Practising financial planner Tony Granger is always eager to reach the general public by presenting his ideas in simple language and his latest book, The Definitive Guide to Funding School and University Fees, is no different. Cherry Reynard finds out more
Tell me about the book...
This is one of a number of books that I have written targeted at the general public. It aims to put school and university fees planning in simple language. All of my books have been financial planning based. This one has a foreword by Nick Cann of the Institute of Financial Planning and former chief inspector of schools Chris Woodhead.
Why did you decide on this subject?
I had a number of clients, both high net worth and medium net worth, who wanted to provide for private education. It was a major financial problem with school fees coming in at around £15,000 per year. This is an after tax figure, so the real cost is nearer £25,000 for a 40% taxpayer. This is a big market for financial planners and it is very immediate - people need a solution there and then.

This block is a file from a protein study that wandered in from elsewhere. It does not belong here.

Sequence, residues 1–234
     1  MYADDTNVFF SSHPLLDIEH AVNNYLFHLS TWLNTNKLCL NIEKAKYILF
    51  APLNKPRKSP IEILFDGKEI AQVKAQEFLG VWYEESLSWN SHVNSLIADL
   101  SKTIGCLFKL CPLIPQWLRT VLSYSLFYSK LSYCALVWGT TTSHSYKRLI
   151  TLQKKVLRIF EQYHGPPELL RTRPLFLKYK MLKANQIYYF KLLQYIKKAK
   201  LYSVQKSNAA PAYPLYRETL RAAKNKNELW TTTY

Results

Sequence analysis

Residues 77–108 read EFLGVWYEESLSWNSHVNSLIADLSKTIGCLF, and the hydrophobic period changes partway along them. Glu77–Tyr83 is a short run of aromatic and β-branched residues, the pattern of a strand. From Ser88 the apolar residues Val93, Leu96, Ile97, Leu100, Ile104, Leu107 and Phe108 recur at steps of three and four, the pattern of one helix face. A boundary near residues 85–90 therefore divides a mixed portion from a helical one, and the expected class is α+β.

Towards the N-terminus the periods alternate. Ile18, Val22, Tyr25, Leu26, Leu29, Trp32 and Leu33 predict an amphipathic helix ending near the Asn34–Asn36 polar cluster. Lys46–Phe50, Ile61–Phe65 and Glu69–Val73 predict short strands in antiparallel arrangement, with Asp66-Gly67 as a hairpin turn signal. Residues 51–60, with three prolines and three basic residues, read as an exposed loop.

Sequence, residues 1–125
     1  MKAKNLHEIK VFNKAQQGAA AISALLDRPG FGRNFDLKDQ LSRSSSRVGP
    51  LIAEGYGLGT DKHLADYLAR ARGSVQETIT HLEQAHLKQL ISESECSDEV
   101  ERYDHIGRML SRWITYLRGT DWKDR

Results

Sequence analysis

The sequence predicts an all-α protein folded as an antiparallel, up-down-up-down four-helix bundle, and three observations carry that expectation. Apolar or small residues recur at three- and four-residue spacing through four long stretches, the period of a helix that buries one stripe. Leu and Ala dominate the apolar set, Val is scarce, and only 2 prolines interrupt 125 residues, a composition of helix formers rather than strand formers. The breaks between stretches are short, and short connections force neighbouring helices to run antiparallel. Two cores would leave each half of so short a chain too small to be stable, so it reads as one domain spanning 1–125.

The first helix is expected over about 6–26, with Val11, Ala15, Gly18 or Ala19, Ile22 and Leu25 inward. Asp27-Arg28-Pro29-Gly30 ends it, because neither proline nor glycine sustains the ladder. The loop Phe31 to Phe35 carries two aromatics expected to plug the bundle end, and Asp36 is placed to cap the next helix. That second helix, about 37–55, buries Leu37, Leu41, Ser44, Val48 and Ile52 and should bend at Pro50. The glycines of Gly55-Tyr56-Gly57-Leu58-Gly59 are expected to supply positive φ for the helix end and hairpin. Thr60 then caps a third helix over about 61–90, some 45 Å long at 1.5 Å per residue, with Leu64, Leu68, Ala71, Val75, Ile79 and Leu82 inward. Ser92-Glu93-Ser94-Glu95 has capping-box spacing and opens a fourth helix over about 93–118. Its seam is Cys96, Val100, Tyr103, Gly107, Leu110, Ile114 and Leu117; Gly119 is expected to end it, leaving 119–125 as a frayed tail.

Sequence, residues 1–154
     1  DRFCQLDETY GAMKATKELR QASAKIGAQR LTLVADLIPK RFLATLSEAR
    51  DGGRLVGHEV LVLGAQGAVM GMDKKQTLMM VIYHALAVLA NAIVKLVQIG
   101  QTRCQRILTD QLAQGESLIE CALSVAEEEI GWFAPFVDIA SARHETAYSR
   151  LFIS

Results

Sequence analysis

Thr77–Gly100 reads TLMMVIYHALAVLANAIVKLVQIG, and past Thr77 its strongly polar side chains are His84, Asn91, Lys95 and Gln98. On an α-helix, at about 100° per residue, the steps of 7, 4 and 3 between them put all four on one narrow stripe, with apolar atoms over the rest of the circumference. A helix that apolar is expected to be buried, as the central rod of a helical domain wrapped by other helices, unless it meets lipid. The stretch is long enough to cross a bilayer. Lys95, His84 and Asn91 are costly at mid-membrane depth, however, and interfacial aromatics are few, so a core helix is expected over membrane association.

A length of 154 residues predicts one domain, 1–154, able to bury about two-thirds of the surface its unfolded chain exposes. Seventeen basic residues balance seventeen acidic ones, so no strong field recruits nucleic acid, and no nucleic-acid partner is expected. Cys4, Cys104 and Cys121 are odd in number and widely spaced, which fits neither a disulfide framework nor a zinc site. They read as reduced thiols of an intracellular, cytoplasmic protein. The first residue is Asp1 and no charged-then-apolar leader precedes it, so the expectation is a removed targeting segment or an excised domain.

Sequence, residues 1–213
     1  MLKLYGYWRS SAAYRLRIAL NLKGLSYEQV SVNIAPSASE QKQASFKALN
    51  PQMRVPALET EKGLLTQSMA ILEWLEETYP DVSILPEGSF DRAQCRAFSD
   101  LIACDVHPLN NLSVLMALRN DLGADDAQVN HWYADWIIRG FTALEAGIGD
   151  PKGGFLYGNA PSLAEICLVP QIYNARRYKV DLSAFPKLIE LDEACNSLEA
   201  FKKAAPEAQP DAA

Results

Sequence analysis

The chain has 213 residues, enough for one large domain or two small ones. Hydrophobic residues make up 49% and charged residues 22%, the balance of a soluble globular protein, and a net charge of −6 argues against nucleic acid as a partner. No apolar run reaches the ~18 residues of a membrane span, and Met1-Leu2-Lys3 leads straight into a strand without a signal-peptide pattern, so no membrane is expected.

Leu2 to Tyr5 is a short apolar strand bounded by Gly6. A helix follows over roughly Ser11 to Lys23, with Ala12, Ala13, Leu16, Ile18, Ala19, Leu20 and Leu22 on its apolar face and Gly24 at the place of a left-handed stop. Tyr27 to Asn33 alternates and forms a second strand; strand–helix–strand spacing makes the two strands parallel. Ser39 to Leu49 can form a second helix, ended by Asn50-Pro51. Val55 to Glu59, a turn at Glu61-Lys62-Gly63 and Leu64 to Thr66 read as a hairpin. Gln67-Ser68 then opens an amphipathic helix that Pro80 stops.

There are also lifestyle-planning issues. School fees can cost £500,000 after tax. That is money that is not going into a pension or not paying off the mortgage. Parents now have to pay for university as well. Tuition fees can be £3,000 a year, plus living costs of £10,000-£12,000. Parents may have another £120,000 to find once a child has left school. We came up with a long-term funding solution. This is a self-financing school fees plan, which gives tax-free school fees by using the equity in a client's home if they don't have the cash to invest. The plan pays the interest on the loan, the school fees and returns the original investment.
It is all about cashflow modelling and looking at what new things are happening. This book shows people how to structure these plans themselves and shows the main funding routes. We have recently been appointed by ISCis - the Independent Schools Council information services - as a preferred provider of school fees financial planning.
Can you explain a bit more about how the school fees solution works?